If you hit your head, you or someone who is with you may decide you need medical attention at a New Mexico hospital. According to the U.S. National Institutes of Health, before sending you home with a traumatic brain injury diagnosis, the doctor should do a thorough examination that may involve a number of tests. 

Your doctor should use the Glasgow Coma Scale to rate your ability to speak, open your eyes on command and move about. The resulting score should only be one aspect of the diagnosing process, and does not necessarily have any bearing on your recovery. Unconsciousness of any kind is also a factor, although even if you did not lose consciousness, you could still have a mild TBI. Memory loss that lasts less than 24 hours could also be the result of this level of injury. A lower GCS score and prolonged periods of unconsciousness or memory loss mark the difference between moderate and severe TBIs.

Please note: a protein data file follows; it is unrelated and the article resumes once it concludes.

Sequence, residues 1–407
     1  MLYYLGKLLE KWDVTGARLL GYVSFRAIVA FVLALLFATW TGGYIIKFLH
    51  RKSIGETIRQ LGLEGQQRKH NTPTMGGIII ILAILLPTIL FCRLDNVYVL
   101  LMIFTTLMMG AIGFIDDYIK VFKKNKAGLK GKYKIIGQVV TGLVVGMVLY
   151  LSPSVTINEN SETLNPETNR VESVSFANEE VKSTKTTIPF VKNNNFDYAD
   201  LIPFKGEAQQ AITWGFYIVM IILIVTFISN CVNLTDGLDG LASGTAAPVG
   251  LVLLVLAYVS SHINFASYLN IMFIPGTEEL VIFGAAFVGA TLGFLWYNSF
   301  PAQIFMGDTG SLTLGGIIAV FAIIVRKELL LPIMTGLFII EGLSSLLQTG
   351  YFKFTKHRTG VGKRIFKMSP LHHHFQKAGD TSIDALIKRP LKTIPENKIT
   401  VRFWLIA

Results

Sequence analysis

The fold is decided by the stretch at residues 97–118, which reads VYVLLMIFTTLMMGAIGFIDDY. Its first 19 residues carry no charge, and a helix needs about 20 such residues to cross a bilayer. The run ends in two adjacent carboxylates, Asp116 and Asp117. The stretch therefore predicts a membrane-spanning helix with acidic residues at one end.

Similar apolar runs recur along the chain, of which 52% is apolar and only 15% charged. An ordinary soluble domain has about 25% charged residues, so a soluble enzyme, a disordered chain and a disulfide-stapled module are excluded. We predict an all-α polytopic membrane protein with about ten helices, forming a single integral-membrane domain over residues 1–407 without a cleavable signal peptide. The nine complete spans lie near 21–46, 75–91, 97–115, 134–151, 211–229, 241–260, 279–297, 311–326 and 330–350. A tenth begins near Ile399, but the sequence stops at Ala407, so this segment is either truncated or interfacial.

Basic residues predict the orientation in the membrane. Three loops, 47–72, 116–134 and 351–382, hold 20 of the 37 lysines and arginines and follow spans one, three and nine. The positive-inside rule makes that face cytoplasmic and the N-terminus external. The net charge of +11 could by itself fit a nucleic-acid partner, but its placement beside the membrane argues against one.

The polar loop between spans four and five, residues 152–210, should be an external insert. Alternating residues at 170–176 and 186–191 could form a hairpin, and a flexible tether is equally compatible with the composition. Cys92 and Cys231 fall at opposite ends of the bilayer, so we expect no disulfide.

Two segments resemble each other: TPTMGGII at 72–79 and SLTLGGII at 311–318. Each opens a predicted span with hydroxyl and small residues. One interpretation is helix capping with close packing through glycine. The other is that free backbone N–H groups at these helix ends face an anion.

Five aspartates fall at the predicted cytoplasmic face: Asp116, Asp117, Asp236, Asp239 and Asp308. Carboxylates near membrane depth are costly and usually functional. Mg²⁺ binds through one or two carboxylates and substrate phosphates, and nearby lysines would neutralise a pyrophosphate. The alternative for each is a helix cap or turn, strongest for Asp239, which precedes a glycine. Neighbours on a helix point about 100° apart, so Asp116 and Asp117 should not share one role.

It is common for doctors to use imaging technology to evaluate the condition of a brain trauma. Computerized tomography x-rays reveal bruises, bleeding and other issues. If there is swelling, the doctor may need to monitor this closely to prevent pressure from causing more damage. A probe can be inserted through the skull for close observation of this problem. More extensive imagery may be gathered through magnetic resonance imaging technology, but these tests are lengthy and may not be used until your follow-up exam.

In addition to the tests the ER doctor may perform, you may have to have an evaluation from a speech-language pathologist and a neuropsychologist. This information is general in nature and should not be interpreted as legal or medical advice.